From: Elisa Wood, Clean Techies, More from this Affiliate
Published September 21, 2012 08:17 AM

The Natural Gas Revolution — Good or Bad for Energy Efficiency?

If there were an equivalent in the energy industry to Time Magazine's Person of the Year, natural gas would be this year's winner.

The dramatic rise in natural gas supply, and fall in price, has reconfigured the energy scene in the United States, suddenly creating a bounty of domestic energy, driving down wholesale power prices and speeding retirement of polluting coal-fired plants.

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Veteran energy insiders have told me in recent interviews that they never expected in their lifetime to see this kind of rapid market shift.

So what does the natural gas bonanza mean to energy efficiency — another resource creating surprising changes in the electric grid?

Typically, when energy gets cheap consumers stop thinking about efficiency. But the American Council for an Energy-Efficient Economy sees a different scenario emerging this time, according to two reports released by the Washington, DC-based organization in September.

First, it's important to note that energy efficiency is not just something done in the household or office. It's managed on a large scale by utilities and grid planners and often now competes head-to-head with power plants as a means to keep the lights on. So when an area of the country needs more power, it might build a new gas-fired power plant, install wind turbines or solar, or some other kind of power generator. Or it might inject more energy efficiency into the system by way of energy saving technologies, programs or incentives.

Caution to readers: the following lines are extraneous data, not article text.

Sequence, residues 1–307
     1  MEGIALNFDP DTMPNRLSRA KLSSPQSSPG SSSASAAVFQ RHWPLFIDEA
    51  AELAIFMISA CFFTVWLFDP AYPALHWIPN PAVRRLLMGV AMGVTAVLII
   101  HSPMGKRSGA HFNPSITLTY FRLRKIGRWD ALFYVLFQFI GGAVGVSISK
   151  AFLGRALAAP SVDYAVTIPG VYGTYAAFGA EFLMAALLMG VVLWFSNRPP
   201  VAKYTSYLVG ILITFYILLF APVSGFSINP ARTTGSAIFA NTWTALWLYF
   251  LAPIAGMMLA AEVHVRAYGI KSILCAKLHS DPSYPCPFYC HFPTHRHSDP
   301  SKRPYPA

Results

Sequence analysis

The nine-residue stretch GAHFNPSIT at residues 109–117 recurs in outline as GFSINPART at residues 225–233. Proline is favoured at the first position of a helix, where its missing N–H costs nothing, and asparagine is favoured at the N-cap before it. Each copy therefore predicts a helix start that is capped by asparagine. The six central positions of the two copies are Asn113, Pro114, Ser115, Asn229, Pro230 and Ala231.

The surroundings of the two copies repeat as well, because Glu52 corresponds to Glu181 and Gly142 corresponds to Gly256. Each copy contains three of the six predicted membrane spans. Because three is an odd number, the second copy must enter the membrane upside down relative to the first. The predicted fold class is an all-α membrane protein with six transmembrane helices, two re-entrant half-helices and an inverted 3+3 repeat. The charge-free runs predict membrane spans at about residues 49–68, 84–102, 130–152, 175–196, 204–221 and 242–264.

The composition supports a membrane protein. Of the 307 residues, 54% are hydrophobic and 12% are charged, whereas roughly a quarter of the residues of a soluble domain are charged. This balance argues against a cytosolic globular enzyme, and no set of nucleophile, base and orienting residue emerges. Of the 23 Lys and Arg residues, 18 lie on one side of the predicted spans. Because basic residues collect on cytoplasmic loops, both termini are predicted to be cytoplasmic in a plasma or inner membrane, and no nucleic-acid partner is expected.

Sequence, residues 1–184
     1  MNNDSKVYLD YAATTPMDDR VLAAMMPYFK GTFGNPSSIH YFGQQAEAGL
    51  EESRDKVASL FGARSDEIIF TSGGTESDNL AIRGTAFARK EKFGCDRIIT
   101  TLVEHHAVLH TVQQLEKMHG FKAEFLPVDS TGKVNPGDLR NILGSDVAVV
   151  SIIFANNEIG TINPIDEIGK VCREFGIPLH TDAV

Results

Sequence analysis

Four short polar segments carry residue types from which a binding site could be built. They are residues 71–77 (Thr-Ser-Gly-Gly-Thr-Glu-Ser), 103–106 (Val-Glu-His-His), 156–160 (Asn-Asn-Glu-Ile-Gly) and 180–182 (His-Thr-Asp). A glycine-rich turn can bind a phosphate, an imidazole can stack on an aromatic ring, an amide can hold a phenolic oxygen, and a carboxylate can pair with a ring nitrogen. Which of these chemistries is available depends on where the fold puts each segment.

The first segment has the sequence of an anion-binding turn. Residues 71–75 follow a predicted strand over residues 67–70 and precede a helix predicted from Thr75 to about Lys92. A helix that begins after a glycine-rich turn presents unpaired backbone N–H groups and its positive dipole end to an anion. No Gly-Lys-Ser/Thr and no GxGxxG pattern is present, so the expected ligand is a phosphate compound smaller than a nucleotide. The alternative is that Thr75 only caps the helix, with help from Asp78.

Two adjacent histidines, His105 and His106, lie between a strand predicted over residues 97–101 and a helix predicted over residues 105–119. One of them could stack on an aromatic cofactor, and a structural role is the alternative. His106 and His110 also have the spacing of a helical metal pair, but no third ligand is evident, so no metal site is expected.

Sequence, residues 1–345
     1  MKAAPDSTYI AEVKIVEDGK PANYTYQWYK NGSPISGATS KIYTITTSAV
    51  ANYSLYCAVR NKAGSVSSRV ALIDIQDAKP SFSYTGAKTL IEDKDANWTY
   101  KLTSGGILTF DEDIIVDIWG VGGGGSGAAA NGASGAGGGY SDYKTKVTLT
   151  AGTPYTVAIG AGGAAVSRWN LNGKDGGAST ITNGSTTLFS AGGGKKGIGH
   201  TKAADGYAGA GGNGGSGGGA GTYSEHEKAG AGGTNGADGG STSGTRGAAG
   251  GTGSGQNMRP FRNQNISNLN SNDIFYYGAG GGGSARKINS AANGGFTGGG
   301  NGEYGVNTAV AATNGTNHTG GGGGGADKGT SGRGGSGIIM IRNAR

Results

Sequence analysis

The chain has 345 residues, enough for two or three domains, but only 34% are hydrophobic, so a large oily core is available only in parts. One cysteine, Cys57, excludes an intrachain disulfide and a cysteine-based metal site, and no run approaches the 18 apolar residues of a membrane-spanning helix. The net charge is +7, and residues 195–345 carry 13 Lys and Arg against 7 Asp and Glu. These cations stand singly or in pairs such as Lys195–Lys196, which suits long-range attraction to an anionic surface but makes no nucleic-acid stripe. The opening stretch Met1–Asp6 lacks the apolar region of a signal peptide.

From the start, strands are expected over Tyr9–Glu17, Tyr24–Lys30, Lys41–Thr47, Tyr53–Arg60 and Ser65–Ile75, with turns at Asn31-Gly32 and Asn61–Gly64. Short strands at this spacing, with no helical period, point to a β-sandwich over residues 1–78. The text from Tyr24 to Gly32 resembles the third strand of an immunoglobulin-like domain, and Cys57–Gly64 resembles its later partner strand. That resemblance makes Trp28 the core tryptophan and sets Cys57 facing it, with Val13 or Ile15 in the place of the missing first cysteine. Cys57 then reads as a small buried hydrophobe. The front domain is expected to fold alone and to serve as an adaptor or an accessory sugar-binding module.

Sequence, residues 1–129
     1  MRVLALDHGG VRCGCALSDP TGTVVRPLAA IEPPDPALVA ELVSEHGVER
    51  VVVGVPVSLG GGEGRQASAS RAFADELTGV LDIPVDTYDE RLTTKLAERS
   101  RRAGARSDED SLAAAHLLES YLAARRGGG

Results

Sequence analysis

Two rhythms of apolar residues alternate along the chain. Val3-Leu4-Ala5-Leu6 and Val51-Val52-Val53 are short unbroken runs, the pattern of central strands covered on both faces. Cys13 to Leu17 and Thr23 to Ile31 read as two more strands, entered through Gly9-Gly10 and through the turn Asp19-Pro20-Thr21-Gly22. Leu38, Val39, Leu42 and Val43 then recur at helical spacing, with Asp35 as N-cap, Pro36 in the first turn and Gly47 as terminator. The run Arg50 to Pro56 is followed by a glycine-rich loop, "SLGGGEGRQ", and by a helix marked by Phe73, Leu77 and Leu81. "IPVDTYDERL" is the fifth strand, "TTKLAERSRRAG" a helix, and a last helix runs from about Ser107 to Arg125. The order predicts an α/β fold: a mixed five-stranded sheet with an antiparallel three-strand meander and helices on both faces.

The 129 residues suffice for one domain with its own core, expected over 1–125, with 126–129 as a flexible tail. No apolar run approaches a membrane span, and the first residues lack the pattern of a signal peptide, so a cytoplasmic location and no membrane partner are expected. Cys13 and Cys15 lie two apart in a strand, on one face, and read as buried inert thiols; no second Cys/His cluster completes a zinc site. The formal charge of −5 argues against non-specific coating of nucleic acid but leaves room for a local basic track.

Many factors go into deciding which will be selected, but price ranks high. And despite the fall in natural gas prices, energy efficiency remains the lowest cost resource on the electric grid — it's still cheaper to save energy then to build new power plants, according to the ACEEE white paper "Saving Money and Reducing Risk: How Energy Efficiency Enhances the Benefits of the Natural Gas Boom."

Natural gas and energy efficiency tend to be in competition with each other — because they are the cheapest resources —but the two also can foster each other, according to the white paper.

Article continues at ENN affiliate, Clean Techies

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